Though people don’t read books as frequently or consistently as they used to, reading is still a popular pastime and people are still eager to consume the latest and greatest pieces of literature that emerge. Today, the bookshelves of the dwindling number of physical bookstores are stocked with copies of books written by brilliant, creative, human individuals.
Is it conceivable that artificial intelligence (AI) could one day write a bestselling book that matches, or even exceeds these books in terms of quality and popularity?
A decade ago, most people would have laughed at this question. A few decades ago, most people wouldn’t have even considered it. But today, we have access to AI that’s capable of text and content generation, and in some very impressive ways.
Still, there may be some limitations on what AI can do. And we owe it to ourselves to understand those limitations.
The Limitations of Current AI
These are just a few of the limitations of current AI worth considering:
- Logistics and processing. AI may be good at creating text in some contexts, but it’s not good at making important decisions that surround the work, such as decisions about the business, printing, marketing, or distribution of the work. Technically, it’s not impossible to program AI to make decisions about things like what paper stock to include or what type of binding to use. It may even help with marketing and advertising analytics. But in isolation, even a great piece of literature may fall flat in the absence of these other considerations.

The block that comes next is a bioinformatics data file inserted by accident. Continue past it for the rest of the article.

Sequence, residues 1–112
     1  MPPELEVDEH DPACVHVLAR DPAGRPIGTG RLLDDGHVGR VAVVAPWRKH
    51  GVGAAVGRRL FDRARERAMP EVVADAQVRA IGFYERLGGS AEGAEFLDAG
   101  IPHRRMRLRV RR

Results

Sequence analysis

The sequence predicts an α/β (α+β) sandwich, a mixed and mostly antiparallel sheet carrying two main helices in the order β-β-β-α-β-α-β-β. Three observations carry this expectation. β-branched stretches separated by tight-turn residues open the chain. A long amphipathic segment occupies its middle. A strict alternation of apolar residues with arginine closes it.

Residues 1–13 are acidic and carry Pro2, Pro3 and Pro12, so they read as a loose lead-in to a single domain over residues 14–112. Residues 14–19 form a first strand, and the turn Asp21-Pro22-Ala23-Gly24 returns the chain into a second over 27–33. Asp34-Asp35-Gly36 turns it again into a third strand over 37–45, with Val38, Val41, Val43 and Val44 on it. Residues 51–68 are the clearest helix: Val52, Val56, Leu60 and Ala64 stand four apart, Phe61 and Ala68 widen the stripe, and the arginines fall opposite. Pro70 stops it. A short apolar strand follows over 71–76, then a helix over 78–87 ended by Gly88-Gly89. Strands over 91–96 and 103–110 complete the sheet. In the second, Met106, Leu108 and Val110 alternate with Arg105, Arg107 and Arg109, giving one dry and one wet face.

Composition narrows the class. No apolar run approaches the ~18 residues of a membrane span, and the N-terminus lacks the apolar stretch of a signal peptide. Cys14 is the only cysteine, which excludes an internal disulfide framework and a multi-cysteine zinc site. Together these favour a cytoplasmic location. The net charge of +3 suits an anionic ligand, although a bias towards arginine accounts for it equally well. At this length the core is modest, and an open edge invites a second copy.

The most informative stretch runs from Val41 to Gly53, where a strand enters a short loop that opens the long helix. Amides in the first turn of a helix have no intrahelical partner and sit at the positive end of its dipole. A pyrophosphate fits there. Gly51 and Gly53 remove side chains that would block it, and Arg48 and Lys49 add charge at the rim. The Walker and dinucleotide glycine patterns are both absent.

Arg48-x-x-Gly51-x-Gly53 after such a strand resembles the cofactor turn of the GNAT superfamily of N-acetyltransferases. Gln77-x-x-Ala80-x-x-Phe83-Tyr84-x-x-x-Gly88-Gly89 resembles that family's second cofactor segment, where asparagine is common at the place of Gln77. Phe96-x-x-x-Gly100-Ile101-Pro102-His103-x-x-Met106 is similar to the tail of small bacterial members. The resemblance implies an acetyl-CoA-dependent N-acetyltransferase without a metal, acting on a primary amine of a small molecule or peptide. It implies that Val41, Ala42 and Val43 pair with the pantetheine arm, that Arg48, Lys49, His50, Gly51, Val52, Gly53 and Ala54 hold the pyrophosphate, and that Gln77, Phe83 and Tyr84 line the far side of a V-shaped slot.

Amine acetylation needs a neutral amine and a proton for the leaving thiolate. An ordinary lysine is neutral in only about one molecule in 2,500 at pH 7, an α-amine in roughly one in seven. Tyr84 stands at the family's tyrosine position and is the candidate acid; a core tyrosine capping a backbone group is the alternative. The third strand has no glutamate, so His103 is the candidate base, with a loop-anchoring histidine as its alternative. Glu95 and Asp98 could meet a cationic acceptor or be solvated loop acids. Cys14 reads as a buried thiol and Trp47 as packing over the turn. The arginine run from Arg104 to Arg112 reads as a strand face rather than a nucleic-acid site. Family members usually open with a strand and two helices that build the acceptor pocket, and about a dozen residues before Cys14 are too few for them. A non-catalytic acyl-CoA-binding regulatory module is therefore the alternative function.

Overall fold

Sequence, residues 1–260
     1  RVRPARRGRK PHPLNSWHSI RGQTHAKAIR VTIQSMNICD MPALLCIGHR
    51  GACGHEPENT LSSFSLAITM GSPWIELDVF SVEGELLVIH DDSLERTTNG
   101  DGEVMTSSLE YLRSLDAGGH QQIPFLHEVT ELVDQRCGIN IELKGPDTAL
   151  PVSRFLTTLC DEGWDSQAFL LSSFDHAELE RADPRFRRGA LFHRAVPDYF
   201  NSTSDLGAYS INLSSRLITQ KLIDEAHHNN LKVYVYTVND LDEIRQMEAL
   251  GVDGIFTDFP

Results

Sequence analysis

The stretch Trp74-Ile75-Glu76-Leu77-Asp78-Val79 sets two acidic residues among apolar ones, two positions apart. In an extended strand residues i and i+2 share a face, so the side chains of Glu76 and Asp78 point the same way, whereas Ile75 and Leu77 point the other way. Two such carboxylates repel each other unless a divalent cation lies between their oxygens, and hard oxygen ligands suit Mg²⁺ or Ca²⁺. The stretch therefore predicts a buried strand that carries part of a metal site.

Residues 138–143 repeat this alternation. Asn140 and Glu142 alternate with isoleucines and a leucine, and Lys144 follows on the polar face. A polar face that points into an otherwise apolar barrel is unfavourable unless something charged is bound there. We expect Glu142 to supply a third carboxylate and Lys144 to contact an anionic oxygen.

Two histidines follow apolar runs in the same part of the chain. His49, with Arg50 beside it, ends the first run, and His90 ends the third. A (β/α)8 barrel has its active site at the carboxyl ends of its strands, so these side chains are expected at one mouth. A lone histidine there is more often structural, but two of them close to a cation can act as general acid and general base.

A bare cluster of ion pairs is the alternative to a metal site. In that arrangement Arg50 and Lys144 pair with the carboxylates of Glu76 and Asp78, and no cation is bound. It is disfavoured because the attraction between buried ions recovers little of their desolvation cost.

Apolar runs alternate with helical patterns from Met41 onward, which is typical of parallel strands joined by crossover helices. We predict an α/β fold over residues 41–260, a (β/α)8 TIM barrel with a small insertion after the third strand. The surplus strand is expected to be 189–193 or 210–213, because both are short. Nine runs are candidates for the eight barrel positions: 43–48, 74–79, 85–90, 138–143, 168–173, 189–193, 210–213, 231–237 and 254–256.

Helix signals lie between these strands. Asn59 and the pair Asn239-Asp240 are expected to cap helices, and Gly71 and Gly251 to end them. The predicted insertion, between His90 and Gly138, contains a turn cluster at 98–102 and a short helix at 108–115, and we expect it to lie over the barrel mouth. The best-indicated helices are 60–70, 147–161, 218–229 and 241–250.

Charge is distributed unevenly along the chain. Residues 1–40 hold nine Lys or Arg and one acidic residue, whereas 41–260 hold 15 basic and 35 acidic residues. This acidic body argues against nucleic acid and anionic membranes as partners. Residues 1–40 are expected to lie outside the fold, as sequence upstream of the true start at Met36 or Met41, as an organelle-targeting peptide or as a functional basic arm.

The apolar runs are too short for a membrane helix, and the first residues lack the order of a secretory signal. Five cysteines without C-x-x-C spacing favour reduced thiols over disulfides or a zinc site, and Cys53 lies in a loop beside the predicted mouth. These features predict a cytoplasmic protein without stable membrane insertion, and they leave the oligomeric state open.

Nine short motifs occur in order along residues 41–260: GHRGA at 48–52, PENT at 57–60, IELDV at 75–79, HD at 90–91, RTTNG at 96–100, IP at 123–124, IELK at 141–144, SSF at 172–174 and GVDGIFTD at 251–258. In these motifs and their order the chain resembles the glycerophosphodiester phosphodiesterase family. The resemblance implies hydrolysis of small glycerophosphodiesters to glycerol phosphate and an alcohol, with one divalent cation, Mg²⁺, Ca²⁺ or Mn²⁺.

- Initial direction. Current AI is entirely dependent on the inputs and guidance of human actors. This is both a strength and a weakness, as a person with an excellent idea may be able to guide the AI to excellence, but any prompt that falls short is going to artificially limit its potential.
- Opinions and original thoughts. Despite some subtle appearances to the contrary, AI is incapable of thinking or feeling on its own. It doesn’t have opinions. It doesn’t have original thoughts. It doesn’t have experiences or unique perspectives. It’s easy to argue that great works of literature are primarily built on opinions, original thoughts, and unique perspectives; AI would thus be capable only of mimicking these pillars, at best.
- Continuity and length. There are many AI tools that are currently capable of producing short articles and swaths of text. But when we start working on book-length pieces, we start to see issues with continuity and consistency. AI is perfectly capable of generating works of 50,000 words or longer, but those works aren’t necessarily cohesive or driven by a consistent direction.
- Artistic prose. Whether or not AI can produce any form of creative art is debatable. But right now, it seems like AI is simply incapable of developing artistic prose. AI-generated text tends to be somewhat simplistic, highly repetitive, and easy to discern as written by a machine. The best books available to us aren’t burdened by these challenges.
Narrow vs. General AI and Production Implications
Narrow AI and general AI are two very different things.